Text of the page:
"I've always loved this regatta and now I can die a happy man because I finally won here," said Thompson. "We are just over the moon about this accomplishment. About the only regatta I would prefer to win more than Key West would be a World Championship. I'm delighted for the crew. Every man did their job impeccably well. They actually had to make up for me so I'm quite proud of them. I can't remember one crew error in any race."
Skipper Walt Thirion and Themis placed fourth in Race 10, but held on to edge out closest rival Dan Cheresh's Extreme2 by just two points in C&C 30 class. Geoff Ewenson called tactics on Themis, which won two races and placed fourth or better in seven others.
"The one-design racing in our class was excellent," said Thirion. "It was a lot tighter than previous events and we had a lot of different winners. All the boats are getting better, which is good to see. We did a good job of getting off the line in most races and made smart decisions on which side of the course to take. Racing at this level is all about minimizing mistakes and our team executed well all week."
Division 1 PRO Ken Legler said steep waves he estimated at six feet battered the committee boat and made it almost impossible for the volunteers onboard to do their jobs. Because the situation was unmanageable, Legler was forced to abandon racing on his course.
That means the results from Thursday stand and made Quantum Racing a narrow winner in IRC 1 class over fellow TP52 Spookie. Skipper Doug DeVos, who won the same class at Quantum Key West 2014, closed the regatta with three straight wins to nip skipper Steve Benjamin and Spookie by a half point.
DeVos said: "It's always wonderful to win Key West. What a great regatta and what fabulous sailing. I thought the team was just magnificent. I'm just really proud of everybody. What the whole team does to prepare the boat is outstanding. It's always dialed in perfectly for the conditions. And what they do to get it around the course is spectacular. To drive this boat is a dream because you don't have to worry about anything but driving because you know everything else is covered."
DeVos also had high praise for Benjamin, who was just named 2015 Rolex Yachtsman of the Year. Spookie also had four bullets and three seconds with the difference in the regatta coming down to a fourth place finish in Race 3 for Benjamin's team.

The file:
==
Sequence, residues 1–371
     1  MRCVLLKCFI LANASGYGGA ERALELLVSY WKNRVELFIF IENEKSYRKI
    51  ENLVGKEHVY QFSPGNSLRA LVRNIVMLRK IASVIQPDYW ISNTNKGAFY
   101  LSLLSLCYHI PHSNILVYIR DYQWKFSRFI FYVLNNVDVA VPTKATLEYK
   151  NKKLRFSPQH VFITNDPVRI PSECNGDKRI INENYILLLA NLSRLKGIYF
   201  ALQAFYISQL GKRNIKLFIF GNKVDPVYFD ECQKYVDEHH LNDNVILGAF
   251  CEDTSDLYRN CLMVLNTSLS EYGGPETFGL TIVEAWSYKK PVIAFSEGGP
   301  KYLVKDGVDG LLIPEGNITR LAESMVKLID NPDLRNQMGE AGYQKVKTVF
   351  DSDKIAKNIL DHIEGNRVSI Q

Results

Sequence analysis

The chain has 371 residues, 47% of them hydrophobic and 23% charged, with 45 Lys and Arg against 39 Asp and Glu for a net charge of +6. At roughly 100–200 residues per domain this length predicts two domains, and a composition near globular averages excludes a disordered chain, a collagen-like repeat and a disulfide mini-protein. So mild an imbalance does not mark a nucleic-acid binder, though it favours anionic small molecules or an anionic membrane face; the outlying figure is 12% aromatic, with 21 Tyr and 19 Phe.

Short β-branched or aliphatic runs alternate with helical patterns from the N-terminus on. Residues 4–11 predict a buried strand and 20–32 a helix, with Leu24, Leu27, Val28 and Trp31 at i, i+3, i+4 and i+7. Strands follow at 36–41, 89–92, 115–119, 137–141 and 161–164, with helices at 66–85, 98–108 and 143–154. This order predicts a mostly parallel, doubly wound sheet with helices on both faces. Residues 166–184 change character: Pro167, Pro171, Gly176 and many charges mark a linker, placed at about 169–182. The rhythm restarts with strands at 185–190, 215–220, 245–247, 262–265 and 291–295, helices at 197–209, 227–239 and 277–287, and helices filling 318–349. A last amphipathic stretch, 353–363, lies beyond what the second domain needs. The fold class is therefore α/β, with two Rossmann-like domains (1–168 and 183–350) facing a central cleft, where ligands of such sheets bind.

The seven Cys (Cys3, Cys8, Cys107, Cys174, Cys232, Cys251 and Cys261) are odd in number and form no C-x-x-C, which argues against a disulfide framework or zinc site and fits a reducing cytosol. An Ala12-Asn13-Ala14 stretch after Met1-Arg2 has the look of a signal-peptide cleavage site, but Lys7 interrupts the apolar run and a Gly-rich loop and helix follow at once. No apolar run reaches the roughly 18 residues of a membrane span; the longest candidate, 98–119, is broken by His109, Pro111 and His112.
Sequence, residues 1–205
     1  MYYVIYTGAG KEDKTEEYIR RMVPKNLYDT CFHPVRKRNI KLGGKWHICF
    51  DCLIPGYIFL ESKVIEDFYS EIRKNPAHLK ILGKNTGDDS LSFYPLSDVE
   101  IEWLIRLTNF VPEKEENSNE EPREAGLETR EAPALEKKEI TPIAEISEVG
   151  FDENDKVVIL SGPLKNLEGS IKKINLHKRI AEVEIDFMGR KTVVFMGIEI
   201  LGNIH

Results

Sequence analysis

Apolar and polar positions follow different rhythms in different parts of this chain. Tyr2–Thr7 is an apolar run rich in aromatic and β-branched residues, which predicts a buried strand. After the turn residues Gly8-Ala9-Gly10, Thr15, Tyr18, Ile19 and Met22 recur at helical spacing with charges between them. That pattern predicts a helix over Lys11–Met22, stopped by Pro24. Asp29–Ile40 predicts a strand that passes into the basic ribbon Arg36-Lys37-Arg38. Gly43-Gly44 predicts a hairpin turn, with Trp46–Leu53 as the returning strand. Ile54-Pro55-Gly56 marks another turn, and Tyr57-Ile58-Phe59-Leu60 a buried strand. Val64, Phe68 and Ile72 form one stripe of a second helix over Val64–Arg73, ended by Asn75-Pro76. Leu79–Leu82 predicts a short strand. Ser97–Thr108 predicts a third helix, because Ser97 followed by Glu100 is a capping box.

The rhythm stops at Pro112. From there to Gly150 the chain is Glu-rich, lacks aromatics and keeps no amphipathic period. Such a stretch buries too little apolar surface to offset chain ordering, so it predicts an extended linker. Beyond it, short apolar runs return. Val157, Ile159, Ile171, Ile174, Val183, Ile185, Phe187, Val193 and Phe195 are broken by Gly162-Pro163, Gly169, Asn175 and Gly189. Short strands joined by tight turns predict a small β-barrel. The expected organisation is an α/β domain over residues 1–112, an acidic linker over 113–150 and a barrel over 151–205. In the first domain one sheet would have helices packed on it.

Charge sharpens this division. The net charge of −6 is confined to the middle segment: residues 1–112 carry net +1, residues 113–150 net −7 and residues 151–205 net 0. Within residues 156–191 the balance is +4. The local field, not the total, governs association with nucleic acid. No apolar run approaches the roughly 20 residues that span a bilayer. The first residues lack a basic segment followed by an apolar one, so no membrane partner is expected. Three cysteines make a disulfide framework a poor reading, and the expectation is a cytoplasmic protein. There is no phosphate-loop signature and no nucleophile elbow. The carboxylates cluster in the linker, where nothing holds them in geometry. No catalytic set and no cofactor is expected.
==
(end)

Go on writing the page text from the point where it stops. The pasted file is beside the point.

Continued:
"Steve and the entire Spookie team are terrific, just outstanding sailors. It was neck-and-neck the whole way. They sailed incredibly well and really pushed us hard. Fortunately, we were able to eke out a few seconds here and there on the race course," said DeVos, who was presented with a special award for his contributions to the sport of sailing at tonight's final prizegiving ceremony.
Bella Mente, which clinched victory in the Maxi 72 class on Thursday, was selected as Quantum Boat of the Week. Skipper Hap Fauth steered his big blue boat to first place in six of nine races in a class that was extremely close this year.
Two of the most dominant race week champions were on Division 1 with Christopher Dragon capturing IRC 2 by 13 points and Skeleton Key securing J/111 class by 14½ points. Owned by Andrew and Linda Weiss, this Sydney 43 finished second in Race 1 then proceeded to reel off eight straight wins. Legendary sailmaker Butch Ulmer served as tactician and Larry Fox as navigator for Weiss, who has known both men since he was 14 years old and crewing on his father's boat.
"We worked really hard this year to get the boat going fast. We've worked hard on our sail program and have improved our upwind speed," Weiss said. "I've had pretty much the same crew for the last couple years and we work well together. We're just sailing really well and I give all the credit to the crew."
Christopher Dragon led at every mark rounding from Race 2 through 9. Weiss said the Sydney 43 performs very well in heavy air, which prevailed all week in Key West.
The Sailing World Trophy honouring the best performing team composed of junior sailors went to the crew of Eagle's Eye, Matt Wake's Fareast 28R in ORC Class 2. The crew of Sam Tobio, Grant Boicheff, Nevin Avilza, and Blaire McCarthy are from the St Petersburg YC Junior Sailing team, and along with Todd Fedezsyn had an average age of only 21 years old.
Skipper Peter Wagner and the Skeleton Key crew made a successful debut at Quantum Key West, winning J/111 in dominant fashion. Skeleton Key, which does most of its racing on San Francisco Bay, also reveled in the big breeze while notching seven bullets and a pair of seconds.
"I really enjoyed my first Key West. We had great conditions and it was a really well-run event. The race committee did a fantastic job," said Wagner. "We're just really fortunate that we managed to sail consistently and we had a lot of fun doing it. We got off the line well and Seadon did a great job of managing things tactically on the course. We had really solid boat speed throughout."
Defiant, a New York 40 owned by John Streicker of New York City, won all three-distance races in the Performance Cruising class, a new feature at this year's event. The entries in both this class and the multihulls started and finished near the harbor, with courses set around government buoys south of the island.
And the winner of the Multihull class, like the performance cruisers, also won in straight bullets: Tom Reese's Corsair 28R Flight Simulator bested the much larger (and luxurious) Gunboat 60 Arethusa, owned by Phil Lotz.